The South African Drought Goes From Bad to Worse If You’re a Black Farmer

The history of apartheid and land ownership are still affecting residents today.
Talent Cele at his farm outside Utrecht, a small town in the northwest of KwaZulu-Natal, South Africa, Nov. 8, 2015. (Photo: Siphiwe Sibeko/Reuters)
Jan 7, 2016· 2 MIN READ
Tove Danovich is a journalist based in Portland, Oregon.

Historic droughts are taking hold throughout the world thanks to El Niño, and South Africa is one of many countries suffering through a dramatic dry spell. The drought, which came just in the midst of the dry season in summer 2015, is the worst since the early 1990s, making it the most significant water shortage for the post-apartheid nation. And much like Hurricane Katrina, this natural disaster is already bringing remaining racial inequalities to light: Many of South Africa’s black farmers are being hit particularly hard.

Commercial farming is still dominated by white South Africans, while the nation’s black farmers operate largely at a semi-subsistence level, The New York Times reported. And those smaller operations are much more precarious, according to an article in the Journal of Agricultural Science. The leader of the National African Farmers Union of South Africa reported losing 300 of his 800 cows in the last few months as a result of the dry weather. A white farmer, meanwhile, told the Times that the worst effects of the drought were owing to “bad farming practices.” He had only lost three of his 300 cows.

Poor farming or not, the drought has hurt staple crop production, and South African leaders may soon begin importing 5 million tons of corn—roughly half their supply needs for the year—if low production and high prices continue. The corn shortage is undermining low-income farmers both at home and at work. Prices for white corn, which “provides much of the caloric intake for South Africa’s lower-income households,” more than doubled last year, while the cost of yellow corn used for animal feed rose by 70 percent, according to AgWeek.

Global markets aren’t the only reason why black farmers have suffered disproportionate losses. The racial policies enacted under apartheid started with the Land Act of 1913, which restricted land ownership for black South Africans, forcibly removed over 3.5 million people from their land, and eventually gave 87 percent of the country’s land to whites—who then represented only about 10 percent of the population. One of the most major and controversial programs to reverse the effects of apartheid was an attempt at land restitution. In theory, any black South African whose land had been taken was given the right to either receive that land back or another form of “equitable redress.” The government purchased land from white farmers and gave it back to its original owners—but not all farmland is created equal.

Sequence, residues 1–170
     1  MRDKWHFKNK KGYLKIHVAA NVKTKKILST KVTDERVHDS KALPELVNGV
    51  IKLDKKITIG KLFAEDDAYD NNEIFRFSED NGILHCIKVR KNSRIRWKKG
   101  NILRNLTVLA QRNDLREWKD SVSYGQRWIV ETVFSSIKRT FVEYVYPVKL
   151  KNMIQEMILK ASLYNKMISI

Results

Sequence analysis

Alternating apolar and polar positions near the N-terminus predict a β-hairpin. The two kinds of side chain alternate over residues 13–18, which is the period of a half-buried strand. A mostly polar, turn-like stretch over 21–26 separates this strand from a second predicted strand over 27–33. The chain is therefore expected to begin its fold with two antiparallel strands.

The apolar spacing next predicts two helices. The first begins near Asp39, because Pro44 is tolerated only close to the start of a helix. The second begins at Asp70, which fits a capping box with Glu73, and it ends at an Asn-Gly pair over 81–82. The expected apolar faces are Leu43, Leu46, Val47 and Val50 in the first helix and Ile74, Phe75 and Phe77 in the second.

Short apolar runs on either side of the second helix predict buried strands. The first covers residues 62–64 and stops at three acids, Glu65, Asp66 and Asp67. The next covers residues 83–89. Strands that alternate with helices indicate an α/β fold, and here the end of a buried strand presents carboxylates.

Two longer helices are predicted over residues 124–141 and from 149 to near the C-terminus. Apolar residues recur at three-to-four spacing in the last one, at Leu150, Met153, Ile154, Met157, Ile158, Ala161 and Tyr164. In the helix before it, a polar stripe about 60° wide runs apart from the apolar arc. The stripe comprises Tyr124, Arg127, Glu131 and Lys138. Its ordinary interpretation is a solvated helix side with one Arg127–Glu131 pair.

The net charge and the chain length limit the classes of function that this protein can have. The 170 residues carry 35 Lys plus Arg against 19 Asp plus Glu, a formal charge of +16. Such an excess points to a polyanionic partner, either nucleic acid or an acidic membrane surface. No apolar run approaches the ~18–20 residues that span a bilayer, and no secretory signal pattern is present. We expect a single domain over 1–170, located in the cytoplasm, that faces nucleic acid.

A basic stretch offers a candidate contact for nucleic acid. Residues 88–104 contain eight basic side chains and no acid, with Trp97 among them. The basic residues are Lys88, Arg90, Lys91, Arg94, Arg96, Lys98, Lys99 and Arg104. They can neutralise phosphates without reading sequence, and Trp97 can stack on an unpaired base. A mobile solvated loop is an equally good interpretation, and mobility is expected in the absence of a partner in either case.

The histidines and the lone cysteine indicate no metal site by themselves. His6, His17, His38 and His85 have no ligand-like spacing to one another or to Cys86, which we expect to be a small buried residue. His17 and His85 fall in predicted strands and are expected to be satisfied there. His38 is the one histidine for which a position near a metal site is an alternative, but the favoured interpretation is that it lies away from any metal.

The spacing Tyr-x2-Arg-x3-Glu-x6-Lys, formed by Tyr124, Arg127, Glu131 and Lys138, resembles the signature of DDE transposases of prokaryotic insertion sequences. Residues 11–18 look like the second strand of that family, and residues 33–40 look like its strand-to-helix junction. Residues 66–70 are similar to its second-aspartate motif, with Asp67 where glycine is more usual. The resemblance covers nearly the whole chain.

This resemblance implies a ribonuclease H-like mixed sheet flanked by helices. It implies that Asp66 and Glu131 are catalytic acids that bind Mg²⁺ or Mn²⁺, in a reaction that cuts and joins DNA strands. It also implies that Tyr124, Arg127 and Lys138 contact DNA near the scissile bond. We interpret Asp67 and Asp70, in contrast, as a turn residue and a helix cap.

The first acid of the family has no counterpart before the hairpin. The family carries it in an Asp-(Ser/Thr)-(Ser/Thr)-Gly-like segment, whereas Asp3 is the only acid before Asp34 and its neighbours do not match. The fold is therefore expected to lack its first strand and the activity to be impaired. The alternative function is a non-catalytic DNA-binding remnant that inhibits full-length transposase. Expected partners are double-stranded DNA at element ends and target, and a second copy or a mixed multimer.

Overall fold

While the transfer of land was surprisingly smooth—at least compared with what happened in Zimbabwe—whether there was enough attention paid to the quality of the land given to black South Africans, or if the government supplied them with enough support to successfully develop it, has been called into question. Only one-fifth of the land in South Africa is considered “highly arable,” making profitable farming difficult under the best conditions. The government had goals of transferring 30 percent of all agricultural land back to black South Africans, but by 2011 it had only managed to redistribute 3.7 percent.

“In general, very little agricultural activity has been happening on farmland restored via restitution,” wrote Ruth Hall of the Institute for Poverty, Land and Agrarian Studies. Even among families who did move onto the land, people often attempted to keep their previous jobs while being farmers too. Certain communal property groups that have banded together to manage the land were so unprepared that they quickly had to sell the property to pay their debts.

Only recently are the differences in skills needed to run a commercial farm versus growing subsistence crops being recognized. Back in 2009—more than a decade into the restitution program—National African Farmers Union President Willy Williams told IRIN, “Our members face many challenges when getting started, and many of these revolve around a lack of expertise in running a modern farm. The state is responsible for providing training in this area, but it does not have the capacity to deliver it on time.”

Though drought is an area-wide problem, if there are known systemic issues affecting one group of farmers over another, the effects of the drought will hit one group harder than others. The recent history of apartheid in South Africa and land reparations programs make the differences between black and white farmers easier to see. Unfortunately, that does not mean echoes of racial or financial inequality won’t be felt in other nations suffering from the drought. In fact, the U.N., World Bank, and other major groups agree that the poor will be hit disproportionately by climate change.

The disenfranchisement of black South Africans began with land—if black farmers are given the support they need to weather the drought, perhaps land could eventually lead to equality too.